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Choosing Your Path

Choosing Your Path helps unaccompanied refugee minors in Greece make positive decisions and realize their potential as young adults.

Photo of Divya Mishra
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What problem does the idea help to solve and how does your solution work? (2,000 characters maximum)

Unaccompanied and separated minors (UAMs) travel dangerous routes across Asia and Africa without adult family members to protect them, usually with the help of a smuggler. When these minors arrive in Greece, they are often excluded from host communities due to legal, social, and cultural barriers. As a result, many maintain contact with smugglers and other black-market vendors, who may send them to work in exploitative agricultural fields or facilitate illegal travel to another country. Network for Children’s Rights (NCR) provides comprehensive support to UAMs who are homeless or living in unsafe conditions in Athens, Greece, including legal counsel, social services, psychological aid and a youth center where they can learn new skills and build relationships with peers. However, many UAMs are reluctant to tell child protection staff about high-risk paths they consider, such as leaving Athens to work as agricultural labor, participating in underground economies, or spending their savings on a counterfeit passport. Consequently, UAMs make these decisions without guidance from supportive child protection staff. To address this problem, “Choosing your Path” has a 2-part solution. First, the project incorporates narratives of former unaccompanied minors collected in 2018 by a Johns Hopkins University study into Network for Children’s Rights programming. Workshops facilitated by psychologists and cultural interpreters feature voices of former unaccompanied minors in a curriculum designed to promote integration in host communities. These workshops develop minors’ decision-making skills by discussing narratives that reflect their experiences, and help them deal with uncertainty in their lives by planning different life trajectories for possible scenarios. Secondly, “Choosing your Path”, uses NCR’s experience acquired through these workshops to develop and publish a toolkit for engaging UAMs which other child protection NGOs across the world can also put into practice.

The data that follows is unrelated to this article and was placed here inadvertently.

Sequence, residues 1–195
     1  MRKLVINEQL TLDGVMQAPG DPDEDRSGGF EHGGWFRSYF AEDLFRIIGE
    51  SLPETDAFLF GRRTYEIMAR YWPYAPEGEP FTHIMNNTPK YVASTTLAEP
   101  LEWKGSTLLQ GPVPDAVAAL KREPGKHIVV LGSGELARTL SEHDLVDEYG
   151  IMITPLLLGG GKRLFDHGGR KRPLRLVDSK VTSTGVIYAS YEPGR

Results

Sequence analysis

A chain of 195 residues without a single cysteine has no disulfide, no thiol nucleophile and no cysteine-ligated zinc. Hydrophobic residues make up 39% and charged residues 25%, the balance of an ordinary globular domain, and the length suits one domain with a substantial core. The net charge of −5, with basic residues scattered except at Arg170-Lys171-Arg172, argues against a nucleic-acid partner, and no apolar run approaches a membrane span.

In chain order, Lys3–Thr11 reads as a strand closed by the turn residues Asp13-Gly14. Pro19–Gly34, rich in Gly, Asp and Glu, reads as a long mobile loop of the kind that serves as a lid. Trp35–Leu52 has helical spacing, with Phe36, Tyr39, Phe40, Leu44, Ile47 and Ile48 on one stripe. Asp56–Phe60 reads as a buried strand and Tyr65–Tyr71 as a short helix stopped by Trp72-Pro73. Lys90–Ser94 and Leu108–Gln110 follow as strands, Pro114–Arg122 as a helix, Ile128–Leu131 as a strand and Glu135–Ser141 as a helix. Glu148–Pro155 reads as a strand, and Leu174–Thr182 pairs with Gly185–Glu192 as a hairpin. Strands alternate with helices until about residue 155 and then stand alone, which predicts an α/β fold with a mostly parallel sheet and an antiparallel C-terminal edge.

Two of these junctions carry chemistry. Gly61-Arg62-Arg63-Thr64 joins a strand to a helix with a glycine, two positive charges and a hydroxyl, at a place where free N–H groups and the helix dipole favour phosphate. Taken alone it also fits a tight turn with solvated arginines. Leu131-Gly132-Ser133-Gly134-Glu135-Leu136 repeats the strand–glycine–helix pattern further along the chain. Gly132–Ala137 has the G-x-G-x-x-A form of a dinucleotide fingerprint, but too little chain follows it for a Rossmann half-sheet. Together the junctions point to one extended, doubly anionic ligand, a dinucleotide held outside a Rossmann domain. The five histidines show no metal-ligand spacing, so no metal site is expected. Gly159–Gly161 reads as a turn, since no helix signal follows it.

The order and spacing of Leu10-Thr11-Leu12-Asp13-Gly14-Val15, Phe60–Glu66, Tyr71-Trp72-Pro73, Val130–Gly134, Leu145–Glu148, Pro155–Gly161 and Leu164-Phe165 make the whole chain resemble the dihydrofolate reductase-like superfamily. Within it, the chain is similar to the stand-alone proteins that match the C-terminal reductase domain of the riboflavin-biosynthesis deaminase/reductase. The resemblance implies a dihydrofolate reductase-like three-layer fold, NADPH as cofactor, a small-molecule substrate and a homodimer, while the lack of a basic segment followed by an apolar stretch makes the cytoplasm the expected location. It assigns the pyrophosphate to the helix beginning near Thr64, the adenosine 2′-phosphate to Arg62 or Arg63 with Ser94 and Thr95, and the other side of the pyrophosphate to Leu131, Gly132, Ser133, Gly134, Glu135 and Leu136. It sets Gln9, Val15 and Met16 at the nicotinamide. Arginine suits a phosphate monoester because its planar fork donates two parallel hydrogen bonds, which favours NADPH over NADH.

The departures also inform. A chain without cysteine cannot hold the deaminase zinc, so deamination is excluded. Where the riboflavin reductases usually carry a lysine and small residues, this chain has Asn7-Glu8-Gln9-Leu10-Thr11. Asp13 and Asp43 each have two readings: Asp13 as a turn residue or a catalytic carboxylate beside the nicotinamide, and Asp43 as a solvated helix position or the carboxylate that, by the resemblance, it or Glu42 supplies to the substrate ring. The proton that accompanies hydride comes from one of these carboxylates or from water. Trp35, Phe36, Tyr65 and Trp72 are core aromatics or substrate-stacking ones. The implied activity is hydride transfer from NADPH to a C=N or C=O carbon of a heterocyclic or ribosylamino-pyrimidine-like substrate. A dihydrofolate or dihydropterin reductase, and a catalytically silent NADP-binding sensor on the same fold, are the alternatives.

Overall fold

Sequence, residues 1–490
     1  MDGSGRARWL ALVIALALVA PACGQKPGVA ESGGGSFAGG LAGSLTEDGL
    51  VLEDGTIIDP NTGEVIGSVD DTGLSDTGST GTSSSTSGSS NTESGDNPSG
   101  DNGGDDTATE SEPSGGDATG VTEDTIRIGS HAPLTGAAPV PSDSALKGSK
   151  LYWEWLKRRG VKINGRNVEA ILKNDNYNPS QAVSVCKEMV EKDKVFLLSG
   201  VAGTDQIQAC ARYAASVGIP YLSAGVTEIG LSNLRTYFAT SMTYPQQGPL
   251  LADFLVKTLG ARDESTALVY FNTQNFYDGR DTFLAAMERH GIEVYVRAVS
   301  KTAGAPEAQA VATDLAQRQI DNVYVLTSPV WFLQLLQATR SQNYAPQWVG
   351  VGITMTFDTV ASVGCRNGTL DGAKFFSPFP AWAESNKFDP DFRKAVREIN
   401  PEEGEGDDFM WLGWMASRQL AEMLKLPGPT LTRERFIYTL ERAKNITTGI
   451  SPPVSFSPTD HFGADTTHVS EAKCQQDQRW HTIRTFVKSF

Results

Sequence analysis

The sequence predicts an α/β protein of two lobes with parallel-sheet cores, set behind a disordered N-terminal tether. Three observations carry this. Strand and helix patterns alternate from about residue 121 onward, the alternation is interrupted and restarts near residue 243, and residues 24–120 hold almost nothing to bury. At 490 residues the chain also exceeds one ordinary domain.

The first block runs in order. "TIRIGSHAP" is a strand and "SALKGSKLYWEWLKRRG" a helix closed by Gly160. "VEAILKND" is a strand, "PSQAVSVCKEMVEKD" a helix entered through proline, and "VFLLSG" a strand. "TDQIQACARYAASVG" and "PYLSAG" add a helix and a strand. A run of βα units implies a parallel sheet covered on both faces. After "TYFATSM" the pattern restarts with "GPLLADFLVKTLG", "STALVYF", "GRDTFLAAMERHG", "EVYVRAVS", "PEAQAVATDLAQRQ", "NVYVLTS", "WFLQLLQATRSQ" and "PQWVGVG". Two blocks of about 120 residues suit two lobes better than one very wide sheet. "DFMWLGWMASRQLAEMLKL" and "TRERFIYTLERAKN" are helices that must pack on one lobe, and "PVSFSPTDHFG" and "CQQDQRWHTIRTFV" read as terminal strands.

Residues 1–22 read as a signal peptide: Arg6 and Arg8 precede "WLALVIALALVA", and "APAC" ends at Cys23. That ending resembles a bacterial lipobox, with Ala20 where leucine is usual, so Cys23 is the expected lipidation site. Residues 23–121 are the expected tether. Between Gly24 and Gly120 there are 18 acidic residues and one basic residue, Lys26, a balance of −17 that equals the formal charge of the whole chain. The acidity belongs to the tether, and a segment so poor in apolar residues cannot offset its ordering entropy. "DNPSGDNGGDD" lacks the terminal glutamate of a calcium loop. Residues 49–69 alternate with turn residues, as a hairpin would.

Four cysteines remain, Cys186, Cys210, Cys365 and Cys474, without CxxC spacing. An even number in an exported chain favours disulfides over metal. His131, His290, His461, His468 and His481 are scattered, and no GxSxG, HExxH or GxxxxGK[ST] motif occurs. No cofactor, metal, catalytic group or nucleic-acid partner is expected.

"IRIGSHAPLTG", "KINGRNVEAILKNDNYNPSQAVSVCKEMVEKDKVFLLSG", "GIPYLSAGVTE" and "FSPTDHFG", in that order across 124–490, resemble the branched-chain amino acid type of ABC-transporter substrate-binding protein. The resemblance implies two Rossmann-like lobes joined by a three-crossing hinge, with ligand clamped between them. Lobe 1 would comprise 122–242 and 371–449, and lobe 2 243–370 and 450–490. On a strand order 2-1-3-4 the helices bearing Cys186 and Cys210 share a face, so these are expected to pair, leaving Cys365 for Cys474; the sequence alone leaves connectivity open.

Geography of focus (500 characters)

This idea focuses on UAMs living in Athens, Greece, as well as child protection staff. These minors come from Afghanistan, Syria, Iran, Iraq, Egypt, Bangladesh or Pakistan. They will either remain in Greece or move to other EU countries, legally or illegally, while others may be deported. Since underage refugees will not be eligible for most supportive services after they turn 18, preparing them for adulthood will have positive impact on local communities in Greece and in other countries.

Building Bridges: What bridge does your idea build between people on the move and neighbors towards a shared future of stability and promise? (500 characters)

Choosing Your Path builds a bridge of trust and communication between UAMs and the Greek child protection staff who support them. Through experiential exercises featuring narratives that reflect UAM’s experiences, like traveling with smugglers, homelessness, and exploitative labor arrangements, NCR de-stigmatizes these experiences. As a result, minors are more comfortable discussing and receiving guidance from staff. NCR’s toolkit will further help other NGOs build this bridge.

What human need is your idea solving for? (1,000 characters)